Manipulate is a decently written story with enough pathos and engaging characters to keep readers invested to the end. Though a bit too long and with whole sections that could be removed to streamline the story, I found myself interested enough to want to finish. At heart, we have a cautionary story on race relations and understanding what it means to be human. And the soul is very much the very likeable protagonist, 19 year old Sam.
Story: When a supercollider explodes in Switzerland and causes widespread environmental and economic disaster, aliens appear and clear up the radiation and save millions. But the price is that children are taken from all over the world and sent to the alien homeworld for training. 13 year old Sam was abruptly removed from his home and now returns 7 years later, for the first time, to a very different Los Angeles. There is unrest at his home planet and his charisma is needed to keep people calm. But that undercurrent of unrest poses a huge problem for the humans: they are about to be judged by a council of alien species – and if proven unfit, they will be open to annihilation. Can Sam find a bridge between the humans and the aliens before it is too late?
Despite my enjoyment of the characters, it wasn’t a perfect book. E.g., sloppy writing or poor research was distracting (i.e., Sam walks out of the Chinese Theater onto Hollywood “Avenue” and then went to Disney World (Disneyland is in LA, Disney World is in Florida). Anyone from Los Angeles would never mix those up and Sam hadn’t been gone that long. And as already noted, the book really is too long. It would have been an excellent book with about 1/4 excised.
But those quibbles aside, this is really a character piece. Sam is very much an everyman and straddling two very different cultures. The insectoid type aliens who raised him to manhood and the family who had to give him up. Sam was chosen by the aliens because of his ability to ‘manipulate’ (read: charisma) and speak the right words at the right time. But the unrest means that the cadets who return are targeted for violence by the humans and by other aliens hoping to take advantage of a poor council ruling. Most of the plot involves the machinations of the different aliens and how Sam and his cadet friends deal with the situations that arise.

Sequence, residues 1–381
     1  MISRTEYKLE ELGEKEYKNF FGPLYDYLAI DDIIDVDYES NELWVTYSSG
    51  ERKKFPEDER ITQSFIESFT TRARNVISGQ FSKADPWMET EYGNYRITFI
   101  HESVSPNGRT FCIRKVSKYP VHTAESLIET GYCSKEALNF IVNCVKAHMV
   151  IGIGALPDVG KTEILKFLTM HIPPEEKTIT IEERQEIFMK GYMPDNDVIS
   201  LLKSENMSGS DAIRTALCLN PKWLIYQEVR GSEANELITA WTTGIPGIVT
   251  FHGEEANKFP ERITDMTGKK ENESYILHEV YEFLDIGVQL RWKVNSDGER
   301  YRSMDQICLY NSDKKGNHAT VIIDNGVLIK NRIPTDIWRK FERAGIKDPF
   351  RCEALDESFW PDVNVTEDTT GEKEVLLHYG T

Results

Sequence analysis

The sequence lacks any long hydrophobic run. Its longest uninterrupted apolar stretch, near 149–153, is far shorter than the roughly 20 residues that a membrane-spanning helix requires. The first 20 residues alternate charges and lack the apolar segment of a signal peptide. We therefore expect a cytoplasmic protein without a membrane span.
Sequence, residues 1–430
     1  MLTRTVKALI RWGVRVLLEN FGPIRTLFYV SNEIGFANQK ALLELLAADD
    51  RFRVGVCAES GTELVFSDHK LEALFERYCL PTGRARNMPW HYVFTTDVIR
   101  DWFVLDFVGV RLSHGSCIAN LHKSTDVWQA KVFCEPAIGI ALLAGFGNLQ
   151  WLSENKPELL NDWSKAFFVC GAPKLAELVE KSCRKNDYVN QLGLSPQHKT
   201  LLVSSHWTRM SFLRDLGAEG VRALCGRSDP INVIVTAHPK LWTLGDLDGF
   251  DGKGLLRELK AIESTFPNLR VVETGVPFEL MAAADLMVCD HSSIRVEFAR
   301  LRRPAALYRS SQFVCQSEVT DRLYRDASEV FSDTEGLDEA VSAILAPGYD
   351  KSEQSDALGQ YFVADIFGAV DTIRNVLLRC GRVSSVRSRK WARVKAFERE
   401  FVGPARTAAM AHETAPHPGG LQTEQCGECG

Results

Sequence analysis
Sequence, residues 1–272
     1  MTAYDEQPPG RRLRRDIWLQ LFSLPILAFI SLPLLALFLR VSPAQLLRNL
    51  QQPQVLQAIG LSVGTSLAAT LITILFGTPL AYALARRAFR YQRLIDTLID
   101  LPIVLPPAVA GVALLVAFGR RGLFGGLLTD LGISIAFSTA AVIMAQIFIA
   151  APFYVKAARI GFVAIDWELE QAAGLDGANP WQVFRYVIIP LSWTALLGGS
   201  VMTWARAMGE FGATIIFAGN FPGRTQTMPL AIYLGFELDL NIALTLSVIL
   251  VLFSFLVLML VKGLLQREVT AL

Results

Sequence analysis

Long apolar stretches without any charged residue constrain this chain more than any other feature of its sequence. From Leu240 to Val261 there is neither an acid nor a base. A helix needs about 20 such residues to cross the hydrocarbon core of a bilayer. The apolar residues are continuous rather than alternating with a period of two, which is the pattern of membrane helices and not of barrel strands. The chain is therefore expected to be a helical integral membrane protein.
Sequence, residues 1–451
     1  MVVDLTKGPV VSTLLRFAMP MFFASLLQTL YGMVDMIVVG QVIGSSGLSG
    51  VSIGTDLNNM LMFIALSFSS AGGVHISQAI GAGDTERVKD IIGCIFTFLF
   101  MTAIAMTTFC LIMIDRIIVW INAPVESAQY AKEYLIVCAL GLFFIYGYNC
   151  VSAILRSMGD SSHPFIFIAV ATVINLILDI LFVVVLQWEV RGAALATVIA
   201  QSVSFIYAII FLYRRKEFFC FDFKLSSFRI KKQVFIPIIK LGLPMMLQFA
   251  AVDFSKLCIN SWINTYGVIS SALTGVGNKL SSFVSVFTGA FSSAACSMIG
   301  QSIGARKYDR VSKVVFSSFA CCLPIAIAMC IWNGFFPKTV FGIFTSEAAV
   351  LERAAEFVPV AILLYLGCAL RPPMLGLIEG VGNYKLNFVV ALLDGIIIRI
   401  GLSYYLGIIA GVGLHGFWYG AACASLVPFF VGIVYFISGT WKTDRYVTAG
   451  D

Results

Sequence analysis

The ‘bad aliens’ were fairly one-dimensional and probably should give up their villain cards since their plans were so incredibly bad and unproductive. Their POVs really weren’t needed and just made them seem even sillier than their plotting. I was always relieved when the story came back to Sam again since his was the most compelling POV.
The story is YA – this isn’t hard hitting sci fi but it isn’t insulting YA, either. Author Garrett’s strength is in characterizations and therein lies the charm of Manipulate. You want to see how Sam will handle every situation and if he will figure out the evil plans of the aliens in time to save the Earth. It’s a very easy and fluid read.
I listened to the Audible version and the narrator did a decent job. I could have wished for different ‘voices’ among the characters – sometimes the dialogue blended. But in all, a decent narration.